Released via their own label Cool Thing Records, a strong sense of fun and frustration fuels Southend-based rockers Asylums‘ brand new album, Alien Human Emotions. The band’s second record is a turbulent, tenacious collection of tracks that buzz with enthusiasm and self-awareness.
After the success of their critically-acclaimed debut Killer Brain Waves in 2016, Asylums have embarked on a new aural adventure. If they were presented differently, the tracks on Alien Human Emotions would shrink your heart with sadness, but the band’s riotous delivery makes this record a hopeful, heart-swelling affair.
The album kicks off with ‘Day Release To The Moon’, documenting a grand, but turbulent emotional journey that will “pull us closer to the sun / annihilate everyone,” with Jazz’s manic guitar riffs masking the dark side of vocalist Luke’s pessimistic wish. Henry’s relentless percussion punches through on second track ‘When We Wake Up’, which assaults the senses from start to finish. Luke’s anthemic lyrics invite listeners to take a “front row seat for Armageddon,” which sounds tempting against their back drop of manic guitar noise. ‘Bottle Bank’ follows with more of Jazz’s trademark spiralling riffs and Mike’s thundering bass lines, leaving listeners sweaty and short of breath just three tracks in.
The eponymous ‘Alien Human Emotions’ comprehends emotional black holes via dense bass lines and thoughtful lyrics, before the gentler ‘Millennials’ provides a moment for introspective reflection. Named after a social label that’s doused in negativity, Asylums have reclaimed the term and turned it into a thought provoking, comforting tune.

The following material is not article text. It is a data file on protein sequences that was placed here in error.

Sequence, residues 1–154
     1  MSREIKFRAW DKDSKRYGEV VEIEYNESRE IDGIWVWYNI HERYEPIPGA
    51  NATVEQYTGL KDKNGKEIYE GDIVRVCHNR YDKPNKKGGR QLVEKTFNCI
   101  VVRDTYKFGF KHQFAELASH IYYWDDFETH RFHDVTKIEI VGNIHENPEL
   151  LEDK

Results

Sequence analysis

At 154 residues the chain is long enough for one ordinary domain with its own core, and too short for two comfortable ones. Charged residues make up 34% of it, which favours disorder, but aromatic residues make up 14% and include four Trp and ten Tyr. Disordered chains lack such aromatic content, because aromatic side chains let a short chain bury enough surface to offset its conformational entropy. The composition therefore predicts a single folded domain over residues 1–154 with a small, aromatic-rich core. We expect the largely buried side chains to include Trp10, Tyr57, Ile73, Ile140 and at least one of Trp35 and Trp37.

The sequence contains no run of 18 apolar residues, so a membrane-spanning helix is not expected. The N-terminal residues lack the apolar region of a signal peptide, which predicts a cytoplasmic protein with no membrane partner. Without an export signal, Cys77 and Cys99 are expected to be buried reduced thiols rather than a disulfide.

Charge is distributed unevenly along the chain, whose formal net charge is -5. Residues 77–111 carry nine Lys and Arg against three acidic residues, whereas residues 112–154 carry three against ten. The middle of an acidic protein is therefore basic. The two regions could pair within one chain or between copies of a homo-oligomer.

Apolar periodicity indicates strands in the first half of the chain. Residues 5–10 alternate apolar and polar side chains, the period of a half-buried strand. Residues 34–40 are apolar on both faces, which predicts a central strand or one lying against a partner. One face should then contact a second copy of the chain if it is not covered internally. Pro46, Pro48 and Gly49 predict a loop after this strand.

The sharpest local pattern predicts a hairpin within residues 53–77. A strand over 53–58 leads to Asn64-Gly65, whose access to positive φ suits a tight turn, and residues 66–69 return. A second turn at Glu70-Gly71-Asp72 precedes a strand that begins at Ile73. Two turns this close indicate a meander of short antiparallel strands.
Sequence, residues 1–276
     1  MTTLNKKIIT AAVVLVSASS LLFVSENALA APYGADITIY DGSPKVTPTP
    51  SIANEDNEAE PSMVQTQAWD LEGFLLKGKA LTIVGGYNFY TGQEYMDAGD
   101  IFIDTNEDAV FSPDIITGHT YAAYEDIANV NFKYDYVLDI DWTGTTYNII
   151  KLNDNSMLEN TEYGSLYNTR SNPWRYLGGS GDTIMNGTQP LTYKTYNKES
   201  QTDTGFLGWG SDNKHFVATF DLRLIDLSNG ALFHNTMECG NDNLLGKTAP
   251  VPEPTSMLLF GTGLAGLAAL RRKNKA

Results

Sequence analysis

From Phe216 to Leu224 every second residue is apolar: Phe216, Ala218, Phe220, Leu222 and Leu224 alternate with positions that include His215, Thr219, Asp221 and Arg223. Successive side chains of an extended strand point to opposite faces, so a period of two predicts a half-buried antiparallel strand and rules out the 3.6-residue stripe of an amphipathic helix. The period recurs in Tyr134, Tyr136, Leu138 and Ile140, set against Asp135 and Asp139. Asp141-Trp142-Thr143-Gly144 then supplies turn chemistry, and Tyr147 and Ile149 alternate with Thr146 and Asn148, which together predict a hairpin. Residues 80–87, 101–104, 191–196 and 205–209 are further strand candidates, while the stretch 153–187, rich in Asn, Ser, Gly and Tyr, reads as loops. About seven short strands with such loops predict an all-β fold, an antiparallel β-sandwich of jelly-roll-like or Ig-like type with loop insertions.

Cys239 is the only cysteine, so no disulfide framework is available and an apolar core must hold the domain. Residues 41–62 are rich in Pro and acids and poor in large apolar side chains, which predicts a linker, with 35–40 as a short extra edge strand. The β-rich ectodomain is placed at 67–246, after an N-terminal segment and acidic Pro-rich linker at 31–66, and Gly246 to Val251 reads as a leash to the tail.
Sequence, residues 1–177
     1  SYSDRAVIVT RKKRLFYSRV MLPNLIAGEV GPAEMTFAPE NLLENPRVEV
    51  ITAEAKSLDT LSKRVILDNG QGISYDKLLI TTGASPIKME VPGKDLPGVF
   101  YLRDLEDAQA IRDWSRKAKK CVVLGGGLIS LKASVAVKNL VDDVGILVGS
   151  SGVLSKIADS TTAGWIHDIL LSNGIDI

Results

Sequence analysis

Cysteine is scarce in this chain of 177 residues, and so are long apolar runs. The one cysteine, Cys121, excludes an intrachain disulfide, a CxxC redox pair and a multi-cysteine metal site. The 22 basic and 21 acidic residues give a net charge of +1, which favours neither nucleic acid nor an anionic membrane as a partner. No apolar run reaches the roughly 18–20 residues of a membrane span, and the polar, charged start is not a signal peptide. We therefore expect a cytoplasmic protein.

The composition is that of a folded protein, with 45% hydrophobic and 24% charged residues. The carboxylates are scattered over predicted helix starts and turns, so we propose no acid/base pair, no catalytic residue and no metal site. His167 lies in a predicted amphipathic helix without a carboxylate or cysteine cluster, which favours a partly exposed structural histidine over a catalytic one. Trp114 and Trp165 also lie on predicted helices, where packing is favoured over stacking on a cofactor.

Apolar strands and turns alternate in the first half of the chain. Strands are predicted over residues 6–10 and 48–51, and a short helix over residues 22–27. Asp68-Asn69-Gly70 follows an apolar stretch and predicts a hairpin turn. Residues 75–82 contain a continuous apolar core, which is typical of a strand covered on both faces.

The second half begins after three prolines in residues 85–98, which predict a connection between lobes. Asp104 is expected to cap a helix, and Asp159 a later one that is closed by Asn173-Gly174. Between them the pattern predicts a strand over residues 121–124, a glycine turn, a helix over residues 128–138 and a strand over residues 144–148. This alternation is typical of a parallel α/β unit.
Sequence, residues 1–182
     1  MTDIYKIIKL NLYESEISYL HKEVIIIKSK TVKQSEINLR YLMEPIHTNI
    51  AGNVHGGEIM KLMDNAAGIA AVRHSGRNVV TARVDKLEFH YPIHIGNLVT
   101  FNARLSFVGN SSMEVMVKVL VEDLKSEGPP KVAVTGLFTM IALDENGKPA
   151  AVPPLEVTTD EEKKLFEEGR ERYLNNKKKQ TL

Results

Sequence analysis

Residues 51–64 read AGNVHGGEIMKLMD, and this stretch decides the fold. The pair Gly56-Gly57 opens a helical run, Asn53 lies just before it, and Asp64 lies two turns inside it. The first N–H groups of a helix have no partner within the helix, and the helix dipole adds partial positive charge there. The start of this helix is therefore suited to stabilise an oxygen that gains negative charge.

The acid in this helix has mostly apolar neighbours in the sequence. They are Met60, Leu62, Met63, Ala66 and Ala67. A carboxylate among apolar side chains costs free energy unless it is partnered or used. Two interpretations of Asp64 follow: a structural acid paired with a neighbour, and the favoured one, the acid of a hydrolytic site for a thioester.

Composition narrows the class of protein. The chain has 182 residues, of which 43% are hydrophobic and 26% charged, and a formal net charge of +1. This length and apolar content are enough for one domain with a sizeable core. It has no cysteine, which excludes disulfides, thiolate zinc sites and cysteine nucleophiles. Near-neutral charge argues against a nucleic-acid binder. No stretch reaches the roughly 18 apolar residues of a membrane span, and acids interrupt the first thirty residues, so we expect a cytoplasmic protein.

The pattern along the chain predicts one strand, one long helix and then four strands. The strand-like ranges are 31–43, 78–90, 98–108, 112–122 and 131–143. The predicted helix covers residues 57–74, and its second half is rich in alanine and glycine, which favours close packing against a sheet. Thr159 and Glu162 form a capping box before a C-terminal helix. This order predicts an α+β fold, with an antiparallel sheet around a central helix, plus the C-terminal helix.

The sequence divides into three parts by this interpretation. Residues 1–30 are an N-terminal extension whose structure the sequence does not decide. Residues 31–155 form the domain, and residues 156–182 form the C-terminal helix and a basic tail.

Just as listeners are on their way back down to earth, the toxic punk blur of ‘Napalm Bubblegum’ blasts them back into the band’s sonic atmosphere. Luke’s visceral Essex intonation and Henry’s savage drumming provide the ultimate punk-infused sound to bounce around your bedroom walls to. ‘Pause’ is an aptly named interlude track – even Asylums need to take a second to catch their breath sometimes.
‘Graveyard Tourism’ is a distraction from “morbid fascination”, whilst the timely ‘Homeowners Guilt’ dissects feelings towards “characterless buildings” and the unfair working-class reality of having to always make sure ends meet. The penultimate ‘Sexual Automation’ starts the gentle descent down to earth, manically resisting the “impulses you can’t castrate.” The rawness of ‘The Company You Keep’ closes the record on an optimistic note – an ode to true love, friendship and a poignant reminder to appreciate the people around you.
Alien in the sense that it blasts you into an sonic universe, but Human in its quest to make sure no listener feels left behind, Asylums’ Alien Human Emotions is an intense, joyful second record that kicks and comforts in equal measure.
Photo Credit: Kana Waiwaiku